Searching over 5,500,000 cases.


searching
Buy This Entire Record For $7.95

Download the entire decision to receive the complete text, official citation,
docket number, dissents and concurrences, and footnotes for this case.

Learn more about what you receive with purchase of this case.

In re Seri

Supreme Court of New Jersey

January 17, 2018

IN THE MATTER OF GNOLEBA REMY SERI AN ATTORNEY AT LAW

          Argued: October 19, 2017

         Disciplinary Review Board District Docket No. XIV-2017-0073E

          Eugene A. Racz appeared on behalf of the Office of Attorney Ethics.

          Respondent appeared pro se.

          DECISION

          Bonnie C. Frost, Chair.

         To the Honorable Chief Justice and Associate Justices of the Supreme Court of New Jersey.

         This matter was before us on a motion for final discipline filed by the Office of Attorney Ethics (OAE), pursuant to R. 1:20-13(c)(2). On June 29, 2016, respondent entered a guilty plea in the United States District Court, Southern District of New York, to one count of fraud and misuse of visa, permits, and other documents, in violation of 18 U.S.C. §§ 2 and 1546(a). The OAE recommended imposition of a two-year prospective suspension. Respondent requested a shorter period of suspension, or, in the alternative, that the two-year period of suspension be imposed retroactive to December 21, 2016, the date on which the Board of Immigration Appeals suspended him.

         For the reasons set forth below, we determined to grant the motion for final discipline and impose an eighteen-month prospective suspension.

         Respondent earned admission to the New Jersey bar in 2001 and to the New York bar in 2002. He has no history of discipline in New Jersey. On December 21, 2016, as a consequence of his conviction in federal court, respondent was indefinitely suspended from the practice of law before the Board of Immigration Appeals, the Immigrations Courts, and the Department of Homeland Security.

         On June 29, 2016, before the Honorable Alison J. Nathan, U.S.D.J., respondent entered a guilty plea to one count of fraud and misuse of visa, permits, and other documents, contrary to 18 U.S.C. §§ 2 and 1546(a). Respondent entered his guilty plea pursuant to an Information, thus, voluntarily waiving his right to an indictment by a grand jury. Specifically, the Information alleged that respondent, from October 2012 through April 2015, "submitted falsified and forged 1-864 Forms in support of applications for immigration visas and for legal permanent resident status.” [1]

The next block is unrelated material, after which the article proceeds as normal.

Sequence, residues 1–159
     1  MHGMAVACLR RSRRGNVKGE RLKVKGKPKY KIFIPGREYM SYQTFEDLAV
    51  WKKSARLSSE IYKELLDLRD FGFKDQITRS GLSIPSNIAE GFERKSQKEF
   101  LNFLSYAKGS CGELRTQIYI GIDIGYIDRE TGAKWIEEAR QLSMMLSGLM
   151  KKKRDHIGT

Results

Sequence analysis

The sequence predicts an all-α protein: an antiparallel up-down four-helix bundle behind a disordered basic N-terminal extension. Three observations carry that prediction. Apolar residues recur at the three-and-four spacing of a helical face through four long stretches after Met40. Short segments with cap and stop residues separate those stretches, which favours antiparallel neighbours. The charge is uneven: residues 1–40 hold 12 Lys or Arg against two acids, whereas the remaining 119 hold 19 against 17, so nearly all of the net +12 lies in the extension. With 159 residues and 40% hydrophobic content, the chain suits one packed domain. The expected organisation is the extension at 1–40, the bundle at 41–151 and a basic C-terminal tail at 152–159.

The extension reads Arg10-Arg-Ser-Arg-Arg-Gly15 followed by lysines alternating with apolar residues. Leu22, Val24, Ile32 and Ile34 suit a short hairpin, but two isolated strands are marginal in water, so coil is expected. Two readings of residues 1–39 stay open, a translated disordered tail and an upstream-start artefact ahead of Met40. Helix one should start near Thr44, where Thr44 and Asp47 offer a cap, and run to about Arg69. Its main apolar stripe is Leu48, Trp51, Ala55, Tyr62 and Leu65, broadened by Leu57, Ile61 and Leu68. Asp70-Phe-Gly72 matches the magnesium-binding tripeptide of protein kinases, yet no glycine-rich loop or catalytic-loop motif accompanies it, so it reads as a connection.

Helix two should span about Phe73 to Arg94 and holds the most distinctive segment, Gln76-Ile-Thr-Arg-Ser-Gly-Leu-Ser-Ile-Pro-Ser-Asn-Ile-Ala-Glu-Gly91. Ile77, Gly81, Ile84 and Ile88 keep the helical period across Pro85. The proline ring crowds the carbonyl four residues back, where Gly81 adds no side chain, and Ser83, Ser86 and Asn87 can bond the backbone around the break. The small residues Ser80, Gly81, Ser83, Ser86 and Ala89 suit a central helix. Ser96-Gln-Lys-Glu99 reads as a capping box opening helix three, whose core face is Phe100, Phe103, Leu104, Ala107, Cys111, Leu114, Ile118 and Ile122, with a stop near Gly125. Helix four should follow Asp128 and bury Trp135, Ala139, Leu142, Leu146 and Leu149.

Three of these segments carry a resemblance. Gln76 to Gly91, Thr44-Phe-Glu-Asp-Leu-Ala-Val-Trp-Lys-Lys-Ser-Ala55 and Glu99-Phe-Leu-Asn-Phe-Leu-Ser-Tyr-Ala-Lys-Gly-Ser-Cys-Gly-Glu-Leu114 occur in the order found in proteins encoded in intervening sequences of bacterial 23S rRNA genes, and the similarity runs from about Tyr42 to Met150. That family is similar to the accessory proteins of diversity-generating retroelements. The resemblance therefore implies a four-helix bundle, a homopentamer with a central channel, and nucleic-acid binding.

During his sparse allocution before the court, respondent admitted that, "from October 2012 through April 2015, in Manhattan, I knowingly submitted falsified 1-864 forms in support of applications for immigration visas." He added that, "I know what I did was wrong, and I'm very sorry."

         On October 28, 2016, at sentencing, the government requested the imposition of a ten to sixteen-month prison term, citing, in aggravation, respondent's trusted status as an attorney; his abuse of both that trust and his specialized skills, whereby he wrongfully exploited his access to the victims' tax records, social security numbers, and other identifying information; the extended length of time that his misconduct spanned; and the impact of his conduct on public faith in the immigration system.

         In turn, respondent's defense counsel stressed that respondent"s crime did not result in any negative financial impact on the victims; that respondent did not commit the crimes for pecuniary gain; that respondent enjoyed a reputation for good character, and had, himself, been granted political asylum in our country after being imprisoned and tortured; and that respondent's crime had no impact on the safety and security of our nation, noting that he did not submit false information about the identities of the applicants seeking to immigrate, but, rather, fabricated the applicants' financial support structure by reusing financial sponsor information entrusted to him in connection with prior, legitimate immigration applications.

         Judge Nathan sentenced respondent to time served, two-years' supervised release (federal probation), to include a twelve-month period of home confinement, one hundred hours' community service, and mandatory fines and penalties; no restitution was imposed, as the ...


Buy This Entire Record For $7.95

Download the entire decision to receive the complete text, official citation,
docket number, dissents and concurrences, and footnotes for this case.

Learn more about what you receive with purchase of this case.